Consulting reference sources is a natural first step in your research process. Dictionaries, encyclopedias, and similar sources can provide a brief overview of a topic to help your basic understanding of a subject and to help you decide whether a topic is interesting to you! It can also be valuable to review citations in reference entries, since these are often important sources of information on a topic.
In searching reference sources, and in all your research, keep in mind that music is a global art, despite the fact that most of our library resources are in English. Spellings may vary for names and terms that are not originally in English, especially those transliterated from non-Latin alphabets. For example:
Having trouble deciding on a topic, even before you get to reference sources? Try these articles from the library's Frequently Asked Questions:
The New Grove Dictionary of Music and Musicians, all 29 volumes of it, is a good first stop for almost any musical topic. While most of its articles cover Western classical music, it also contains a wealth of information on musical traditions around the world, early Western music, jazz, and popular music. There are also several Grove dictionaries on specialized topics, such as musical instruments. These titles and others can be found in print in the first floor reference area:
The content of The New Grove Dictionary of Music and Musicians and the dictionaries on opera and jazz is available online through Oxford Music Online. The electronic version is regularly revised with new and updated articles, and so it is worth checking the online version even if you have checked the print volumes.
Note that the default search for Oxford Music Online is by keyword, meaning that you will get results for every article that contains the terms you enter. You may wish to change the "Term" option to search by "Article title." This will narrow things down to entries that include your search terms in the article title, which is more like the experience of looking up an article in the print version.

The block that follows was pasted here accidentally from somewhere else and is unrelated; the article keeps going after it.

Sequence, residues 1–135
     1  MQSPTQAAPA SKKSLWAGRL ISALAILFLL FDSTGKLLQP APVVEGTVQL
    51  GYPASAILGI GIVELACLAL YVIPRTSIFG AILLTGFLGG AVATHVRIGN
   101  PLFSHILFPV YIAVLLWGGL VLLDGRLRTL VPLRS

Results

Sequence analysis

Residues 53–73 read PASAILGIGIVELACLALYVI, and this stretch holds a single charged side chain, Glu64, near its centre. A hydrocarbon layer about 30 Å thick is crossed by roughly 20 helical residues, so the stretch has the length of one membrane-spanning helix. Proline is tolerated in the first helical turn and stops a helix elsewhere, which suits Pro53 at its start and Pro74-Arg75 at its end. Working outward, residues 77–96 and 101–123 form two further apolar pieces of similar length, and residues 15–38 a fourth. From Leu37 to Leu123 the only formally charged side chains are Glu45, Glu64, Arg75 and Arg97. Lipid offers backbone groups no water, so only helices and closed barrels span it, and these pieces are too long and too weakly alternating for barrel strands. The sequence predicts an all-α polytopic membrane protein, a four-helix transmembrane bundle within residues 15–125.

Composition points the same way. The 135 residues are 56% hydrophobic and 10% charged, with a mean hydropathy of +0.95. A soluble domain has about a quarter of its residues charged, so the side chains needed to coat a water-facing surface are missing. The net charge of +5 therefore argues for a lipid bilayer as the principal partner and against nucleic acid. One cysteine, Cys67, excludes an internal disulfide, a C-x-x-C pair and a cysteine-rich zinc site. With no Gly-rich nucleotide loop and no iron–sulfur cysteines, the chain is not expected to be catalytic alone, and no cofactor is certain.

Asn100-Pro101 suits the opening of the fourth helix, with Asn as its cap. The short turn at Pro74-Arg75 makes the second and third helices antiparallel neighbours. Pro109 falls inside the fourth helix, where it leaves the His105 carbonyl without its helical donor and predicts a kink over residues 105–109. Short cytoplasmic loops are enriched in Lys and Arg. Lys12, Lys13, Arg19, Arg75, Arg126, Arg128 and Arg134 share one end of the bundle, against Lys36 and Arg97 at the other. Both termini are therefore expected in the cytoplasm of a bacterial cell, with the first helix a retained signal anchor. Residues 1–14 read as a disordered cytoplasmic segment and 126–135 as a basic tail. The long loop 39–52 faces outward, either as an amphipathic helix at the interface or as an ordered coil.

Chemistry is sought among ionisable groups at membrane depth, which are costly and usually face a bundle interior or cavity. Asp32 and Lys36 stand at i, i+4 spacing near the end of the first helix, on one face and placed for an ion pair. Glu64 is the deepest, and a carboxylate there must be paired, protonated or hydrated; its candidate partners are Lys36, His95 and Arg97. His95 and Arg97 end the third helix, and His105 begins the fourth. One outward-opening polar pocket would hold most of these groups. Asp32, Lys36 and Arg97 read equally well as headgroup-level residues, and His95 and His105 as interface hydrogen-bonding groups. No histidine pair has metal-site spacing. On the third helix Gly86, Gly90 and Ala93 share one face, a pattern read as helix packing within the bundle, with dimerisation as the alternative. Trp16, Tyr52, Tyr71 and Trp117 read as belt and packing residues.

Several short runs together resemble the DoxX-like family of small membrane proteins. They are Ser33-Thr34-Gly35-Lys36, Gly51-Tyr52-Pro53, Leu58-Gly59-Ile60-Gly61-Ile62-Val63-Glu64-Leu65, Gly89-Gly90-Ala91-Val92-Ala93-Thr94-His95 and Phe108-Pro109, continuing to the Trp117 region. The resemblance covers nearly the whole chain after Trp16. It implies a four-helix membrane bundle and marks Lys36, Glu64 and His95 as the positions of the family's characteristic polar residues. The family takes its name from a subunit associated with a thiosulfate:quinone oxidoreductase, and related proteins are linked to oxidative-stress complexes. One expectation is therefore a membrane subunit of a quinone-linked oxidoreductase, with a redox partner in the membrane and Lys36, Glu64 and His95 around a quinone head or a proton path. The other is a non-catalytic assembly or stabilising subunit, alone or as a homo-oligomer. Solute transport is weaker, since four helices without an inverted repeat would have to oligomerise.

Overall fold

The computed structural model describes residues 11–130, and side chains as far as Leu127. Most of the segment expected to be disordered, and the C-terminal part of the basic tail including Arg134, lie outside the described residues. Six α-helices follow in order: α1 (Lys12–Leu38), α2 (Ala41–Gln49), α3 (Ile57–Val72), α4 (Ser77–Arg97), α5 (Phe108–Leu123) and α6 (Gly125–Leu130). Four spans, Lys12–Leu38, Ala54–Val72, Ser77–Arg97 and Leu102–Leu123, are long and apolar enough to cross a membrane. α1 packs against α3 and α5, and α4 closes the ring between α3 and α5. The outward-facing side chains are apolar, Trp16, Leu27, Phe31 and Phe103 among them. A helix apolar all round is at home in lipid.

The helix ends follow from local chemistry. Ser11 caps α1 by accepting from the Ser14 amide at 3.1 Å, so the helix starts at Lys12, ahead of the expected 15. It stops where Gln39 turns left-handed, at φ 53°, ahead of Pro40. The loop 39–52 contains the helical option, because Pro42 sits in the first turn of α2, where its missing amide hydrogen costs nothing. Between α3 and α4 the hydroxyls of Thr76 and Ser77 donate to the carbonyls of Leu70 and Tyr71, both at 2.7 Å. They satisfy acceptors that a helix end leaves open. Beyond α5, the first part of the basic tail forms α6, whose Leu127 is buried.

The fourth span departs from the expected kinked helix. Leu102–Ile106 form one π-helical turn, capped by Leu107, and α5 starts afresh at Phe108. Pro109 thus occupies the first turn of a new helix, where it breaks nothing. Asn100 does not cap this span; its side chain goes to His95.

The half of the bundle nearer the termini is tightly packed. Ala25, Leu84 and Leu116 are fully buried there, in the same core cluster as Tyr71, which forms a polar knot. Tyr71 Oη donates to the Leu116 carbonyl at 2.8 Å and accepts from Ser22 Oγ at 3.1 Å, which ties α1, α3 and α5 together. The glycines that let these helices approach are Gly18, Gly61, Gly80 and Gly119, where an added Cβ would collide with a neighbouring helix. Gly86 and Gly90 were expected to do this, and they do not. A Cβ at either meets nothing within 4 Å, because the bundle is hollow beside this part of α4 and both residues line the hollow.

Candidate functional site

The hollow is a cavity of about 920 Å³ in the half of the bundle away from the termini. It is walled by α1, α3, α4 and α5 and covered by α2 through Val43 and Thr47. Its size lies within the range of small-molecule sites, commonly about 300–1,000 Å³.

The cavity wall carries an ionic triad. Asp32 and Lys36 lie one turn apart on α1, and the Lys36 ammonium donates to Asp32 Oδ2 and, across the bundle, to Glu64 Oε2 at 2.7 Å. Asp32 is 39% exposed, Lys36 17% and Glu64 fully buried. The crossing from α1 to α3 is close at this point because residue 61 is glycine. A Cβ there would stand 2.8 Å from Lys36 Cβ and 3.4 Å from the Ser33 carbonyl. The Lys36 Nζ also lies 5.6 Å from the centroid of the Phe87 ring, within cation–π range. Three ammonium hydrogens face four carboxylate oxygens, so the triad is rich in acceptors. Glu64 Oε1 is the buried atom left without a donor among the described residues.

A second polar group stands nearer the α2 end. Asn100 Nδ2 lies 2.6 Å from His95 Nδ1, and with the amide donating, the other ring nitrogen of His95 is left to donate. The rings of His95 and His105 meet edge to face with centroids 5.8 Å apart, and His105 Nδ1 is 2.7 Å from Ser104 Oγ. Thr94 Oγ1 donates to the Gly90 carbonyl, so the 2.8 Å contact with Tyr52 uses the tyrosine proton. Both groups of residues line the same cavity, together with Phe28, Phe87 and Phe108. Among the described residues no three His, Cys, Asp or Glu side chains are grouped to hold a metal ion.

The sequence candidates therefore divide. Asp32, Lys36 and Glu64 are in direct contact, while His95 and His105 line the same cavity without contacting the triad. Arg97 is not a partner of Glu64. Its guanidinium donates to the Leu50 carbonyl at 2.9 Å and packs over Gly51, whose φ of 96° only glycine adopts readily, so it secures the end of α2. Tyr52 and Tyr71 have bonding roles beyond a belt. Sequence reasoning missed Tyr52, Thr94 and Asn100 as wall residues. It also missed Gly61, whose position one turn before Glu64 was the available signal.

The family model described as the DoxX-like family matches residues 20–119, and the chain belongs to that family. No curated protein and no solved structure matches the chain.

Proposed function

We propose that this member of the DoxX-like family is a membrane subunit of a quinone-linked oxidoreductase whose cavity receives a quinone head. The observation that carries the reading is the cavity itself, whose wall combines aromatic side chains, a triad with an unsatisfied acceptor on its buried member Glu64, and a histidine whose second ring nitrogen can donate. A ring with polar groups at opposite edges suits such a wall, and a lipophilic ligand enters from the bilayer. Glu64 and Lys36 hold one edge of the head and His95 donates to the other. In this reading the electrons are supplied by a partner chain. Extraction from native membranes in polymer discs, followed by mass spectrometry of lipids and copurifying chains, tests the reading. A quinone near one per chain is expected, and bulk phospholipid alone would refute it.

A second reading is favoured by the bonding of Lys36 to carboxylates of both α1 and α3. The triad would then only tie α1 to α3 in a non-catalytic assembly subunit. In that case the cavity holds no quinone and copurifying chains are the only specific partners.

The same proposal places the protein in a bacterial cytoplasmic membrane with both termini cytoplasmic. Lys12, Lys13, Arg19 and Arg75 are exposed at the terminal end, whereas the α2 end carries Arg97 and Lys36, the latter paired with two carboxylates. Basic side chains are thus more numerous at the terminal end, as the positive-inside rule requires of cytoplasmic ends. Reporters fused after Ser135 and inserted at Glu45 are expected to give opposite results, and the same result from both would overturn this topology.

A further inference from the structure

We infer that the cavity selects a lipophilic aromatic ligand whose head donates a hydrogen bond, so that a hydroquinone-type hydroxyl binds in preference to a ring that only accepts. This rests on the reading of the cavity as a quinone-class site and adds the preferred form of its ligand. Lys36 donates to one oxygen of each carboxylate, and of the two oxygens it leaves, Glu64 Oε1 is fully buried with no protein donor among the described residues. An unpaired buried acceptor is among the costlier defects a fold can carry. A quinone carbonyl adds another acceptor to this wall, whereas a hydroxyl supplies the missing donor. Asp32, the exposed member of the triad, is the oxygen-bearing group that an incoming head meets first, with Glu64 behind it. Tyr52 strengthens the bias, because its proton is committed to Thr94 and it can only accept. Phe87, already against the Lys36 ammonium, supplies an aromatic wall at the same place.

The Garland Encyclopedia of World Music covers music from around the world in ten volumes organized by geographic regions. The print version is located on the lower level in the oversized books section. There is a CD of recordings to accompany each volume, which you can request at the circulation desk.
The text and recordings from The Garland Encyclopedia of World Music are also available online through Alexander Street's Music Online database.
RISM stands for Répertoire International des Sources Musicales, or International inventory of musical sources. It's an ongoing project to catalog primary sources related to music, including music manuscripts, early printed editions of music, and writings on music, that are held in libraries and archives worldwide. Once you know where sources are held, you can research the holding library to see whether they can provide photocopies, microfilm, or digital copies of the source you are interested in.
There are many volumes of RISM, each covering different subjects such as:
The Library does not own every volume of RISM, but you can browse the volumes we have by using OneSearch to search for "Répertoire International des Sources Musicales" as a title. The individual volume titles are in many languages. You can read the entry for each volume for more information, or use Google Translate to get the title in English.
Some content from RISM volumes can be searched online. In some cases, these search results point to digitized versions of the sources described in RISM!
Music reference and research materials: an annotated bibliography, by Duckles and Reed, is a reference work that lists reference works about music. It may be useful if you want to see whether there is a reference work that covers information relevant to your topic area. If you are interested in recordings of folk music from the 1920s, for example, you might check to see whether there is a discography that lists those recordings.
The chapters are:
The previous edition can be read online at the Internet Archive. You will need to install Adobe Digital Editions software and create a free account with the Internet Archive.